Addressing Hunger in a Pandemic

Addressing Hunger in a Pandemic

As pandemic worsens food insecurity in Georgia, the Jewish community is using its resources to help its own and the wider community.

A rising sophomore at Georgetown University, Nathan plans to major in government and minor in film and media studies as well as statistics, hoping to eventually get into a career creating digital content for campaigns or  covering them for the Atlanta Jewish Times and other media outlets.

Second Helpings Delivery and Fleet Operator Enzo Albana Galateo Campos loads a pallet of food from Coolray Field last month.
Second Helpings Delivery and Fleet Operator Enzo Albana Galateo Campos loads a pallet of food from Coolray Field last month.

On Sunday, March 7, many Georgians participated in the Hunger Walk/Run, albeit virtually by walking and running throughout the state. The walk, typically held in person, helps to raise funds for the Atlanta Community Food Bank. Started in 1984, the event has gained extra significance during COVID-19.

Since the pandemic began last year, Atlanta has seen the issue of food insecurity grow dramatically, including in the Jewish community. The combination of the pandemic’s financial crisis and schools moving online, leaving many children without their usual food source, has created a greater need.

The Hunger Walk helps to fund community-based efforts to combat food insecurity within Jewish Atlanta and beyond.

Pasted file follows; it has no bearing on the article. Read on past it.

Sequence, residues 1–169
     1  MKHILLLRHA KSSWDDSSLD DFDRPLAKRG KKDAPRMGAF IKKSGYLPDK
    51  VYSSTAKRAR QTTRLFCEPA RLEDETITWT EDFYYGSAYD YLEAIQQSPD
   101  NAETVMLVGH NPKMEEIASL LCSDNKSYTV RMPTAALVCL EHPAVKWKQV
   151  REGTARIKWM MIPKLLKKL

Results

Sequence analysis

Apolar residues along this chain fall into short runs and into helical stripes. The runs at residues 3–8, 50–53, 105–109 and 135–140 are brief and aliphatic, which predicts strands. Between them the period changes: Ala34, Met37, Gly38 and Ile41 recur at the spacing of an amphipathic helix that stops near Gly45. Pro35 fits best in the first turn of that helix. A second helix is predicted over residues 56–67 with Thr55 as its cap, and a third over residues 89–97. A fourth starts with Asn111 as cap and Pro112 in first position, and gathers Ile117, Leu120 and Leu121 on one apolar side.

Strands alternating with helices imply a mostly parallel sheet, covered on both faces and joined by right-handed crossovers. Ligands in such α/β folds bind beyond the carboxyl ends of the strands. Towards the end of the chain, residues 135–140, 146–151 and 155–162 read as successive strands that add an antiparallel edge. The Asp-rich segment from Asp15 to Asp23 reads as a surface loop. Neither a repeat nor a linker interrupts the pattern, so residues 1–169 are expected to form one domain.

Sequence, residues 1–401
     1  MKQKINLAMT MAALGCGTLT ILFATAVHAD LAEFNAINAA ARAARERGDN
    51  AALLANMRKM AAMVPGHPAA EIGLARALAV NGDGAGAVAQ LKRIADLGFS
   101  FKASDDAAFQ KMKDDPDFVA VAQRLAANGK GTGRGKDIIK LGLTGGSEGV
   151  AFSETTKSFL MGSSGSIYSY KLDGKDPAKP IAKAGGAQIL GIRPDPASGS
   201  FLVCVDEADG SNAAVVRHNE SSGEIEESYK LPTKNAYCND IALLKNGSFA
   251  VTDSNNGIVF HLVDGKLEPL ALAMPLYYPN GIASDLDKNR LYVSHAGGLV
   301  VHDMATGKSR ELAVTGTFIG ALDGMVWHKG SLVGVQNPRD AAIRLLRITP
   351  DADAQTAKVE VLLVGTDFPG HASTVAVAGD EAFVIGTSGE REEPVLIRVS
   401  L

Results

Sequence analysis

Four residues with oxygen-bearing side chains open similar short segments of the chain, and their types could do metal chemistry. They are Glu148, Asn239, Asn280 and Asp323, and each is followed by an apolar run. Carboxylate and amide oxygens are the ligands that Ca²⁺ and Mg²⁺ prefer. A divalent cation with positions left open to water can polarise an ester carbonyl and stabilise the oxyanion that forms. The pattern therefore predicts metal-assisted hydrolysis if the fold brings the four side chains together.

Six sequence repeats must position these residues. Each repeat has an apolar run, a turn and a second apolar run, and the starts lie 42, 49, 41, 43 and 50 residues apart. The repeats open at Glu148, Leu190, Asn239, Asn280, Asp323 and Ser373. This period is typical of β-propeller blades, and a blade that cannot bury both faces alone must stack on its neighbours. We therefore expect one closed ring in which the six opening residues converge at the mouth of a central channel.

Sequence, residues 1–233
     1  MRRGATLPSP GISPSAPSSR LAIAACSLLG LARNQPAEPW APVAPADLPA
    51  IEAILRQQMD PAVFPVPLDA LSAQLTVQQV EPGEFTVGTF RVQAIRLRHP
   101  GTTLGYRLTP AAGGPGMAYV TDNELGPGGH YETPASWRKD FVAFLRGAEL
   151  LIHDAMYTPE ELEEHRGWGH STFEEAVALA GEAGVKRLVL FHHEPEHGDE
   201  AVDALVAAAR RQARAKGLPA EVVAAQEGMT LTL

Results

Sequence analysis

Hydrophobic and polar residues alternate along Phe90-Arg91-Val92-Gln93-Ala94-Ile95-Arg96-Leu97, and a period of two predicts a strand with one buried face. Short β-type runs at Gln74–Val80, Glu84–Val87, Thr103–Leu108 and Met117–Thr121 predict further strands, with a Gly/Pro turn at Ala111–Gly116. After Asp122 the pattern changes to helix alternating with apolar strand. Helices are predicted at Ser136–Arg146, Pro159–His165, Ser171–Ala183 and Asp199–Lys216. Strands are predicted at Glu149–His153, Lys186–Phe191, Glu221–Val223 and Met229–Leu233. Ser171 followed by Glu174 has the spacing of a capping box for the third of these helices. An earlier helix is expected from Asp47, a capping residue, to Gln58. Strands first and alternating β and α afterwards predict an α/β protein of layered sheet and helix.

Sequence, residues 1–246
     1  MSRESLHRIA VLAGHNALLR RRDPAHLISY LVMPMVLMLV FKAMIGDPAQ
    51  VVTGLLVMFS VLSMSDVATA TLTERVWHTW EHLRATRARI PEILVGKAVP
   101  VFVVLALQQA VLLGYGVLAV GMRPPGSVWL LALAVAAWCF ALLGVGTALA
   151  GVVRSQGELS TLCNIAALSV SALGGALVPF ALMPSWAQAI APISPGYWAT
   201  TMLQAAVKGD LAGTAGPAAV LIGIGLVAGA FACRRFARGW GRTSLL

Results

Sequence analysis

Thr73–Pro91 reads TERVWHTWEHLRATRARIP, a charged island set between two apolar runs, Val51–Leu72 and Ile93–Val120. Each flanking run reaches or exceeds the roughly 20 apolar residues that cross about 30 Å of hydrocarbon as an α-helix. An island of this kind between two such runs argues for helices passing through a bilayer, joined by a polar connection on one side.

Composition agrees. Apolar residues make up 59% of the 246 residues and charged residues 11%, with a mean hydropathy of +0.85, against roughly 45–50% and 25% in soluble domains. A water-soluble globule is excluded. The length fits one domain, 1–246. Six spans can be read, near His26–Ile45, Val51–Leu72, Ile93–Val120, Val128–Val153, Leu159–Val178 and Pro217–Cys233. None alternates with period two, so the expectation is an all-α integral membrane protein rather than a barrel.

Jennifer Weissman if the new manager of the JF&CS Kosher Food Pantry.

At Jewish Family & Career Services’ Kosher Food Pantry, the pandemic has caused a major increase in demand, the pantry’s new manager Jennifer Weissman told the AJT. “There is so much need because of COVID. People have lost their jobs, experienced illness, and people with small children may not be receiving school meals if their children are at home.”

Under the initial management of Jean Millkey, the pantry’s demand grew from 17,500 pounds of food distributed between July 2018 and June 2019 to over 161,000 pounds of food distributed between July 2020 and now. Over those same periods, the pantry expanded from serving 1,900 people to over 9,700.

The service is not only helping to alleviate the issue of food insecurity, but helping promote self-sustainability, Weissman said. “If we can provide people food, we are also enabling them to pay for other things: medication they need, their phone bills or utilities, … and have success in other areas of their lives.”

Faye Dresner is chief impact officer at Jewish Family & Career Services.

The pandemic has also caused JF&CS to increase the size of its pantry, said Faye Dresner, JF&CS chief impact officer. “Pre-COVID, our food pantry was a small office, serving primarily our own internal clients.” It moved Sunday to large trailers outside the agency’s Dunwoody office.

JF&CS also is making it easier for people to access the pantry. “Starting this week, we are opening up our hours for drop-in services,” Dresner said. “People in the past had to make an appointment or get a referral to come to the pantry, and we are changing that and now saying anyone can come Monday, Wednesday, Friday 11 to 2.”

Weissman, hired in the past month, is a registered dietician with a background in public health. She told the AJT, “We really wanted to get rid of the barrier for our clients.”

While the pantry is run by JF&CS and offers kosher food, it helps to serve the wider Atlanta community too with only 20 percent of the food pantry clients identifying as Jewish. For a populaton of only about 2.5 percent of the total community, the fact that 20 percent of JF&CS’s clients are from the Jewish community indicates there is a significant food insecurity among Jewish people in Atlanta, Dresner said.

Volunteer shoppers purchased food early in the pandemic for the pantry.

In particular, Jewish seniors over 60 have been hit hard by the pandemic. They make up about 80 percent of Jews accessing the pantry, she added.